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Broderick, A. (2013). I am not of this world, and yet I am in it: A daughter's/DSE alien's log of a journey through hell

Broderick, A. (2013). I am not of this world, and yet I am in it: A daughter's/DSE alien's log of a journey through hell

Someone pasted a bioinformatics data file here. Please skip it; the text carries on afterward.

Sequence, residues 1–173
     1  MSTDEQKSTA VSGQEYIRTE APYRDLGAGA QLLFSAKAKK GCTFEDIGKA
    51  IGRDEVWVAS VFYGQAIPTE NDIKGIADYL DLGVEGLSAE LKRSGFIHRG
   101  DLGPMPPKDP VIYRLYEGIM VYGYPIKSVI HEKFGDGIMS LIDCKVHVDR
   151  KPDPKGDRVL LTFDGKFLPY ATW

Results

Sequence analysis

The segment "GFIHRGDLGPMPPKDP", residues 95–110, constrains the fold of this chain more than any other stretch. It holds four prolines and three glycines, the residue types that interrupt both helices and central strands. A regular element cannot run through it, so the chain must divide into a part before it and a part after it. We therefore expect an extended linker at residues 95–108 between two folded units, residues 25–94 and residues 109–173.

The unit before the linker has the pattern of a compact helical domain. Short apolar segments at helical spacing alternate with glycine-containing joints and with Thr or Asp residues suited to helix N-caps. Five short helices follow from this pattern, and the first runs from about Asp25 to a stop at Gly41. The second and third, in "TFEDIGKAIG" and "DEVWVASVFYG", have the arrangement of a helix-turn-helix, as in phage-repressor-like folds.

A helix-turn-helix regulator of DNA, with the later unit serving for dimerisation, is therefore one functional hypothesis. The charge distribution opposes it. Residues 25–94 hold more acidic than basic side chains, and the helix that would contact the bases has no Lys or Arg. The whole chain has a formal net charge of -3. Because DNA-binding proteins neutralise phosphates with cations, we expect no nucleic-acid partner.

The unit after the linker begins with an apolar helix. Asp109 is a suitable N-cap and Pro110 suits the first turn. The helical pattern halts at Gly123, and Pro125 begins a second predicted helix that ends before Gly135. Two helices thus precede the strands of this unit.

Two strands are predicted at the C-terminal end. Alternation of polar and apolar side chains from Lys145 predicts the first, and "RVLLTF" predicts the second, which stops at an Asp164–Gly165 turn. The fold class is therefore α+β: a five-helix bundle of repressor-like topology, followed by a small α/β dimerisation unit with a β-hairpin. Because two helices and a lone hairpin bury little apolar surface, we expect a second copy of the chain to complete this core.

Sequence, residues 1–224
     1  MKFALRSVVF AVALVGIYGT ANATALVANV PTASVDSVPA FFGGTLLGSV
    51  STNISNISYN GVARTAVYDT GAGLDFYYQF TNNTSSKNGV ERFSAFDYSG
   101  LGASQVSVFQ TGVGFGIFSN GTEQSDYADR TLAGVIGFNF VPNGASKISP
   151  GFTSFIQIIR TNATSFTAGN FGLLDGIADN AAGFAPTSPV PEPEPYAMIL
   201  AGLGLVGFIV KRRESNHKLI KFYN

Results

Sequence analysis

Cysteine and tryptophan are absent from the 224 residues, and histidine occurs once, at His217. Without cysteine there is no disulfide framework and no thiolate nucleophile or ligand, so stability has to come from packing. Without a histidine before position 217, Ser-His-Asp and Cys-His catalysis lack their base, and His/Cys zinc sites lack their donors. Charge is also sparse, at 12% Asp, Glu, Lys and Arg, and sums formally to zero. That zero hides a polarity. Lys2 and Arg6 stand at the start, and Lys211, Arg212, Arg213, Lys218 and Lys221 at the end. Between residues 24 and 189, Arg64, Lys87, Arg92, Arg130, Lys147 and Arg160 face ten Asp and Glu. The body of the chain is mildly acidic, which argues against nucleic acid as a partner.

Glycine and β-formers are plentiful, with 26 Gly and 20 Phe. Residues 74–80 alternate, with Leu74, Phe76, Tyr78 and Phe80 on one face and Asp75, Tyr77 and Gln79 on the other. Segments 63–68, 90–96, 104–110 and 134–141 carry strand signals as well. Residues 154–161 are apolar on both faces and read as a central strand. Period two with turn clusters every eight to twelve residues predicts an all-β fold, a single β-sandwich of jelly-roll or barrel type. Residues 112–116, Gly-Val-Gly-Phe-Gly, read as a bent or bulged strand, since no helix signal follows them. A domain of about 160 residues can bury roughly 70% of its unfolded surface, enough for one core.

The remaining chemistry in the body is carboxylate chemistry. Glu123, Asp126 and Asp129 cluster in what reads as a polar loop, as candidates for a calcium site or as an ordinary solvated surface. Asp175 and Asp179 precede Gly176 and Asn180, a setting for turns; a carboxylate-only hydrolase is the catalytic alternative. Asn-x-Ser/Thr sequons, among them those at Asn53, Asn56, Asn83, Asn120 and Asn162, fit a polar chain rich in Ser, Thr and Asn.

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   Chapter 6 I Am Not Of This World, And Yet I Am In It: A Daughter’s/ Disability-Studies-in-Education  Alien’s Log Of A Journey Through Hell  Alicia A. Broderick I am having issues with figure/ground. There is only profound alienation the likes of which I have never before experienced—and I had previously con-sidered myself intimately familiar with alienation. I am the black sheep, the leftist, atheist daughter who somehow was spawned of this conservative, Catholic family. I am the outlier, the outsider, the prodigal, the alien. It is my role within the family, and it is familiar, if not yet welcome or comfortable, to me. I am not myself here; within this cultural geographic space I exist only as the caricature they believe me to be. Which is to say that I do not exist. I read the paper, see the billboards, watch the television, find it surreal, dislo-cated, ethereal, imaginary. I am surrounded by Fox News, country music, casual racism and homophobia, and more references to god and guns every day than I would ordinarily encounter in a week or a month. I am not of this world, and yet I am in it, invisible, alienated, nonexistent. The ICU adds an additional layer of alienation to this experience. I am already alien outside the hospital doors; that alienation exponentially increases inside them. Reali-ty is shifting, elusive, unstable. And hostile to my very existence. You see, I am a disability studies scholar. A what? That doesn’t exist here. It causes me to see, hear, experience most of what happens to me with  B RODERICK    120 an additional layer of horror that most of the people around me are oblivious to, do not perceive, cannot imagine. It makes me—here, now—confused, crazy, paranoid, unreasonable. Dangerous. I find myself compulsively re-flecting upon my own identification with two different fictional characters— and I am torn as to which is the stronger identity. The first is that character in The Stepford Wives  —the last person to realize that everyone and everything around her had already been appropriated, assimilated, consumed, and recon-stituted as, quite literally, alien. I feel the need to hide my identity, “pass” as a member of this world, lest they come for me. There is a sense of preda-tion—I must hide my difference, my identity; I will be hunted down soon enough as it is. The other character is Ophelia. She is raging within me, and I must consciously, purposefully, with deliberative and Herculean effort squelch her, keep her at bay, silence her. I have always found Ophelia’s character to be something of a caricature—self-indulgent, a hyperbolic dra-matic affectation that never quite worked for me. I considered her one of the weaker characters in the canon. I was wrong. She has become terrifyingly real to me—she is not insane, disconnected from reality. She is the only character that is honest, real, authentic, connected to the cruel reality that she is living. That I am living. Embracing my “inner Ophelia” is tempting—it offers a way out of the alienation, a way of being present, honest, true, real. A means of existing. Yet I am torn—to embrace my own existence is simul-taneously to be regarded, and therefore discounted, by everyone else as cra-zy, insane, damaged, ill. Dramatically there is nothing to be done with such a character but to kill her off. Which is not a narrative resolution I am open to embracing—yet. But to embrace the Stepford narrative of maintaining sanity in the face of insanity, self in the face of alienation, existence in the face of  predation is also to lie, hide, mislead, misrepresent, pretend—not only to others but also to myself. It is a classic existential figure/ground quandary— what is the relationship of self to reality? How to balance the tension be-tween existence and alienation? Am I crazy? Do I exist? Do I still want to? * I am on a different planet. In a different universe. My relationships with space and with time have been radically altered. I am in the cardiac intensive care unit. Time here passes so differently. I have been here only 4 days (and nights), but I feel as though it has been months since I left my other life. My ordinary life. My life on the outside. My world has simultaneously, radically,  both expanded and shrunk. I have lived lifetimes in some hours as they’ve  I   A M  N OT O F T HIS W ORLD   121  passed, with the worst minutes and hours stretching into their own horrible eternities. Those moments still exist, because I still inhabit them, irrevocably etched as they are into my brain. They are, in this sense, interminable. My world has also diminished spatially—there is only what happens within these walls; nothing outside is relevant, or meaningful, or real. The world outside has ceased to exist, except for incomprehensible glimpses I continue to be assaulted with from time to time. I go to the cafeteria twice a day, for coffee, cream of wheat, an apple. When I leave the building, I see people laughing, hear them talking about trivial things, see them engaged in meaningless ac-tivity, and I stare uncomprehendingly at them. How can they possibly think that what they’re doing or talking about matters? Is important? Is even real? I find them alien, incomprehensible. I also hate them. I listen to several of the doctors chatting at the desk. They spend 10 minutes talking loudly and non-sensically about what brand of snowblower is best, where it is on sale. They are animated and laughing, and discuss the topic in prolonged, inane, mean-ingless detail. One of them finally leaves this ridiculous conversation, comes to the door, spends 60 seconds with me, gives me the standard script—that things are more or less the same—then smiles patronizingly, “god blesses me, and says that he will talk with me again tomorrow. He leaves. I hate him. I know it is unfair of me. I do not care. I send insensitive text messages to those I love most: “Surgery. Heart at-tack. ICU. Congestive heart failure. Ventilator. Kidney failure. Dialysis. I am in hell. I think I am dying. Please do not call.” “You look so exhausted,”  people say. “I’m fine,” I say. “I’m going to die,” I think to myself. People seem disturbed by me. I watch their brows knit with worry and apprehension as they look at me. “Are you getting enough sleep?” they ask. I assure them that I am. I do not tell them that my sleep is riddled with nightmares. It offers me no respite, no escape, no rest. “Have you had enough to eat?” they ask. “I eat something every day,” I assure them. I do not tell them that my weight is dropping like a stone. Nor do I care. They think that I’m tired, hungry. I catch a glimpse of my own face in the bathroom mirror, and I understand why they recoil—it is not the dark circles under my eyes; it is not the puffy redness from the perpetual tears that run down my cheeks. I look into my own eyes and I see that they are vacant. There is an absence there that is dif-ficult to describe, and apparently difficult for others to witness. The surgeon is more blunt than most: “My god, you look like hell,” he says. “As I should,” I say. “Where do you think I am?” To my husband, who is worried  B RODERICK    122 about me driving in this state he interprets as exhaustion, I say, “This is not   lack of sleep.” To myself I admit, “This is despair.” I am not given to magical thinking. I have never been superstitious, give no credence to horoscopes or karma or fate or deities. Nevertheless, I find that I cannot leave this place for longer than the couple of hours twice a day that I must leave to go home to care for my mother. I have slept on a bench in the hallway for the past 6 nights now. I believe that if I leave, he will die, and I do not want him to die alone. I know that this is irrational, but I don’t care. The last time I left (“go home, get some sleep, everything’s fine here”), I received a call early the next morning on my cell phone from the surgeon. I have come to live in mortal fear of the phone ringing when I am away from the hospital. “Your dad has had a massive heart attack. We have moved him to the cardiac ICU. How soon can you get here?” I call my 89-year-old grandmother, beg her to come and take care of my mom—get her up, dress her, feed her breakfast, give her her medicine. And I drive like a bat out of hell back to the hospital. Dad tried to send me home again that first night in the ICU. He got agi-tated, kept taking his oxygen mask off to tell me to go home, causing alarms to go off every time he did so because his blood oxygen levels dropped to dangerously low levels. I left at midnight, telling him I was going to go to sleep. He quieted down, left his mask alone, went to sleep. I left the ward and wandered around the hallways for a couple of hours. I finally lay down on a  bench in the hallway, just outside the ICU, at 2:30, exhausted. A woman came and lay a blanket over me at some point. I did not see who she was, but I was grateful to her for her kindness. They woke me at 4:30, saying I should come. “He’s not able to get enough oxygen to survive; he needs to be put on a ventilator.” I can’t yet write about that hour. But I can say that he was not alone. And this is why I do not go home at night. My sleeping on the bench has become akin to carrying an umbrella on a cloudy day to ward off the rain. It is my talisman. And he is still alive. My family knows very little of what has gone on here in the ICU. I can-not begin to tell them about these experiences. There is not time in the day. I have not a single ounce of energy to waste in explaining. Retelling leaves me with two options—reliving these experiences, which I simply cannot bear to do, or becoming desensitized to them, which I also cannot bear to do. I say very little. These experiences do not exist for the rest of my family, unless I make them exist by telling them. It seems kinder not to drag them into this reality, any more than they already have to be. I have slept on a bench in a  I   A M  N OT O F T HIS W ORLD   123 hallway for the past 4 nights. Two people died in the ICU last night. I watched a woman collapse in the hallway, her body wracked with sobs, her family flocking around her. I quickly realized that she is on yet another plan-et from me, though she is only halfway down the hall—we are each here on our own isolated planets. There is nothing I can do to ease her pain. I lie back down on my bench and close my eyes. I spare a tear for her, but I reserve my sobs for my father. I am grateful it was not him tonight. I go home at 11:00 each morning to get my mother out of bed. I gather the supplies I need, then paste a smile on my face as I enter her room with a “good morning” and begin the morning routine of changing, bathing, and dressing my mom, before getting her out of her bed for breakfast. Sometimes she remembers where I have been, and asks me how my dad is doing today. But only about half the time. The other half, she asks me where he is, why he isn’t getting her up himself, why he hasn’t come home from the office yet for lunch. One morning she was furious with him, telling me that he hadn’t been home all night and that she was betting that he’d been out drinking with the guys, that there’d be hell to pay when he got home. “Remember, Mom? Dad’s not here because he’s in the hospital. Remember? He had the surgery? Because of all the bleeding he was having? They did surgery to stop the in-ternal bleeding.” “Oh, yeah,” she says. “I forgot. So when are you bringing him home? Surgery should only take a week or so—is he coming home to-day?” “No, Mom, he’s not. Remember? He had a heart attack after the sur-gery? He’s in the intensive care unit. He’s really sick, Mom. He can’t come home today. They’re giving him a lot of medicine and a lot of treatments right now to help him get stronger. I can’t bring him home today.” I’m try-ing, Mommy. I’m trying as hard as I can. Fast forward 10 hours. I have dressed her, fed her, given her her morning medications, set her up in her chair (with my husband’s or brother’s help—I can no longer lift her safely on my own) with her favorite country music video channel on. My grandmother or sister-in-law or husband have kept her company, made her dinner and fed her. It is time to put her back in bed. I walk in the door from another long day spent in the ICU. “Did you bring your dad home?” she asks. “No, Mom. I didn’t. Not today. I’m sorry.” “Why not?” she asks. I swallow the sobs until after she’s in bed. Then, exhausted, I drive back to the hospital, where my father’s hell awaits me. Again. Still. I’m sorry, Mommy. I’m trying so hard. I think back to the horror of the first night. My dad had gone in to sur-gery early that afternoon. I sat in the waiting room all afternoon. My brother